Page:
Our man in Denver tried every single one of the flavors at Sweet Action, and, although he didn’t care much for vegan Maple Walnut or Vanilla Rose, he can vouch for nearly every other flavor as being worth at least several samples. But as sexy as Salted Malt Butterscotch and Cinnamon Roll sound, the champion of the taste was a simple milk chocolate described as “a scoop of goodness in a world full of freezer-burned crap”.
If you want some great oysters, good French food and a pleasing Gallic ambiance, you might want to hurry to Le Grand Bistro and Oyster Bar right now, tomorrow or Sunday. The nearly three-year-old restaurant is closing after service on Sunday May 25. The sizable restaurant is just down the street from the Denver Center for the Performing Arts was a few blocks from downtown Denver’s concentration of restaurants on Larimer Square, close to but not within the line of sight of the Colorado Convention Center and facing additional competition from the upcoming opening of Union Station with its cluster of restaurants.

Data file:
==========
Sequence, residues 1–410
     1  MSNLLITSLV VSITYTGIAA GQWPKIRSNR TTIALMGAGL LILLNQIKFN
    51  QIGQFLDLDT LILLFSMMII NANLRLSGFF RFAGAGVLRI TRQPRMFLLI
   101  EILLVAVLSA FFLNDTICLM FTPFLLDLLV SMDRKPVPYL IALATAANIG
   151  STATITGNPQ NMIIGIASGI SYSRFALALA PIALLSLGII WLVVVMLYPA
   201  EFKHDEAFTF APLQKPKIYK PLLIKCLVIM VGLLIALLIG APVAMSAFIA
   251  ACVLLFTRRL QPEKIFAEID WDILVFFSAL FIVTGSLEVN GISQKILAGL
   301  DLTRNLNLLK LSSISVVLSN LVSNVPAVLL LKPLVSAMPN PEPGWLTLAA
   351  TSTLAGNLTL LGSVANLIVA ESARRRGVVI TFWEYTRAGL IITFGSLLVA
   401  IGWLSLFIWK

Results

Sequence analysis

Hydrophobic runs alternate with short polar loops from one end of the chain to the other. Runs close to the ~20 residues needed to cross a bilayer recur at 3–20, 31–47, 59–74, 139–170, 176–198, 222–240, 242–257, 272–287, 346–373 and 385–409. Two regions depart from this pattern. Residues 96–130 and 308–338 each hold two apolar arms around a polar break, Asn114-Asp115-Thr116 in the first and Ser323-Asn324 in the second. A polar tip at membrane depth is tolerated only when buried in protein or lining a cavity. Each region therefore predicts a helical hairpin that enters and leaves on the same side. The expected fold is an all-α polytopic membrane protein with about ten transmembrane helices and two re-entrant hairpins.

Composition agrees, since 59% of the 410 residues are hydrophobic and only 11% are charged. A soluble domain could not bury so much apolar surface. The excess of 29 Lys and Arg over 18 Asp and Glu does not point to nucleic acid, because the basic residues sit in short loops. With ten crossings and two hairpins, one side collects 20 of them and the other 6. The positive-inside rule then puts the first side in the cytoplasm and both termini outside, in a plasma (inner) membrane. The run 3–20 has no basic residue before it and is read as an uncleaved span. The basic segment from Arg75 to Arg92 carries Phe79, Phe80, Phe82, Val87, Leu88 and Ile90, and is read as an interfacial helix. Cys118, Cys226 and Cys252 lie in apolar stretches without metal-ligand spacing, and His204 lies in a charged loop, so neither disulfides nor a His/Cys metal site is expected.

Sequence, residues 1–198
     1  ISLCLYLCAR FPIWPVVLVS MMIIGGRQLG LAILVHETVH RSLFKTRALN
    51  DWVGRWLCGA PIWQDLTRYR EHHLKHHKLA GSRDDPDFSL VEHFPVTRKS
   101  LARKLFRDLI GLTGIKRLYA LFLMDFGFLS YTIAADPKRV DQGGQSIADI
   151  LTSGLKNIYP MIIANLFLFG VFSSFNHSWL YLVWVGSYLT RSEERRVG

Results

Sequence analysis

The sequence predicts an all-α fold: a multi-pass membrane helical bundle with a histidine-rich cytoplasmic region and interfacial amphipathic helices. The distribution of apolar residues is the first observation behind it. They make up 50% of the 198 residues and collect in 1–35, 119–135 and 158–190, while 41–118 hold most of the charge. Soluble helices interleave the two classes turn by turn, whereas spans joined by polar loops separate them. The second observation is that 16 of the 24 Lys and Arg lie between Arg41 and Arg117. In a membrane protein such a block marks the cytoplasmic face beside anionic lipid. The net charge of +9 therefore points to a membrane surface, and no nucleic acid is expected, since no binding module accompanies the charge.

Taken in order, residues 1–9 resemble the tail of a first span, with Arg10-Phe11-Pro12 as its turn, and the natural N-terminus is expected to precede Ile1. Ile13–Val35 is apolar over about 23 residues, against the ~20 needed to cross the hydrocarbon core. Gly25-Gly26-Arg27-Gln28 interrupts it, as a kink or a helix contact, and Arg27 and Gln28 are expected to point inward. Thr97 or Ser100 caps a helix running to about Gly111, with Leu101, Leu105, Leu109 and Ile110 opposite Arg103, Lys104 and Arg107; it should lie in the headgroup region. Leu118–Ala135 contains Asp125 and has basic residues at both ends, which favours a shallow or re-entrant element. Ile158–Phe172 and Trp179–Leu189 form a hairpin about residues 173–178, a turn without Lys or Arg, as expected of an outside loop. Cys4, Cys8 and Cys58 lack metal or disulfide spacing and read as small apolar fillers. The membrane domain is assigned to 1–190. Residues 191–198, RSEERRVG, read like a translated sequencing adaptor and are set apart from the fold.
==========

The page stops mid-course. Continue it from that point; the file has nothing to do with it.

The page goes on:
Restaurateur Robert Thompson owns Le Grand Bistro, but his other enterprises, the fun-and-games Punch Bowl Social and the reincarnated and the oddly named Argyll Whisky Beer, resonate more with the Denver dining public. Even chef John Broening, who worked with Thompson at the short-lived Brasserie Rouge and built up Le Grand’s and beverage director Ryan Conklin couldn’t elevate Le Grand Bistro to profitability.
Claire Walter's Colorado-oriented but not Colorado-exclusive blog about restaurants, food and wine events, recipes and related news. For address of any restaurant, click on the Zomato icon at the end of the post.